New Study Confirms No Risk of Sexual Transmission of HIV for People on Treatment with Undetectable Viral Load

The Lancet recently published the results of the PARTNER2 study which confirms that there is effectively zero risk of sexual transmission of HIV for people living with HIV who are on antiretroviral therapy (ART) and who have an undetectable viral load. The findings of this study support the message that undetectable equals untransmittable (U=U) and demonstrate the importance of early testing and treatment for HIV.

The PARTNER study was a prospective observational study that recruited heterosexual and same-sex couples in which one partner was HIV-positive and taking ART and the other was HIV-negative. Eligible couples reported condomless sex and did not use either HIV pre-exposure prophylaxis (PrEP) or post-exposure prophylaxis (PEP). The first phase (PARTNER1) lasted until 2014 and the second phase (PARTNER2), or extension, lasted until 2018 and focused exclusively on same-sex couples. Nearly 800 same-sex couples were enrolled in the PARTNER2 study for nearly 1,600 couple-years of follow-up and reported more than 76,000 instances of condomless anal sex. Over the course of the study, not a single phylogenetically linked HIV infection occurred (i.e., no HIV-positive study participant transmitted HIV to their partner). According to the authors, the “findings provide conclusive evidence that the risk of HIV transmission through anal sex when HIV viral load is suppressed is effectively zero.”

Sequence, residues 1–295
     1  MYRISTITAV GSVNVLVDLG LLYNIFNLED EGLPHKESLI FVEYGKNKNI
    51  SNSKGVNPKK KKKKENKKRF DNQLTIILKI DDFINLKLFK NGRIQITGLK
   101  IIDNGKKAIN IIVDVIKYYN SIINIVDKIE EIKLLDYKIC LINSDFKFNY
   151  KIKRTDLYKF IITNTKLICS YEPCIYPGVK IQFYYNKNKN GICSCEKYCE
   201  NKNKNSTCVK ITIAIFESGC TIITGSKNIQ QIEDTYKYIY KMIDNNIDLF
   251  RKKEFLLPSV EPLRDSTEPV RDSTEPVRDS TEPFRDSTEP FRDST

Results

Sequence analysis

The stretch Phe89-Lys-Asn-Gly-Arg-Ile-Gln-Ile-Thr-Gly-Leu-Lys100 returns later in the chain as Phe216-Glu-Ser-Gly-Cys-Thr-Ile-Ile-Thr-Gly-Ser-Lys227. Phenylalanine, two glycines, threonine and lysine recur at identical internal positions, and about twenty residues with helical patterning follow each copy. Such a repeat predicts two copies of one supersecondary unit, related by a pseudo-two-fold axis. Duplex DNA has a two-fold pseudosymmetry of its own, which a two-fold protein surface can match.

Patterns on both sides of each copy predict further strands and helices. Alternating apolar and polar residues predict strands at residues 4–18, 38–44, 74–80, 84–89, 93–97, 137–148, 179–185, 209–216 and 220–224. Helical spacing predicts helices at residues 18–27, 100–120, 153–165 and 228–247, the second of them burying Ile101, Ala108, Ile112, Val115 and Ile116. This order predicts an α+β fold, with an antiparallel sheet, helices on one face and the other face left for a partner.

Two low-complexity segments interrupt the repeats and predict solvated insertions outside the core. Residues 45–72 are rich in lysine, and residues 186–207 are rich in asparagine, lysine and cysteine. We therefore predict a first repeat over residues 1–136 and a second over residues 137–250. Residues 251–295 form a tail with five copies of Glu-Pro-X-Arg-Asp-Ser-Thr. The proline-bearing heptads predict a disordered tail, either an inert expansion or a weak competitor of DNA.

For more information, visit here. To view the study, visit here.

About Kim Rodgers

Kim Rodgers serves as a Communications Specialist at NACCHO. Her work includes promoting local health departments' best practices, as well as partner tools and resources, in infectious disease and preparedness through NACCHO's communications channels, storytelling, and outreach to various audiences.

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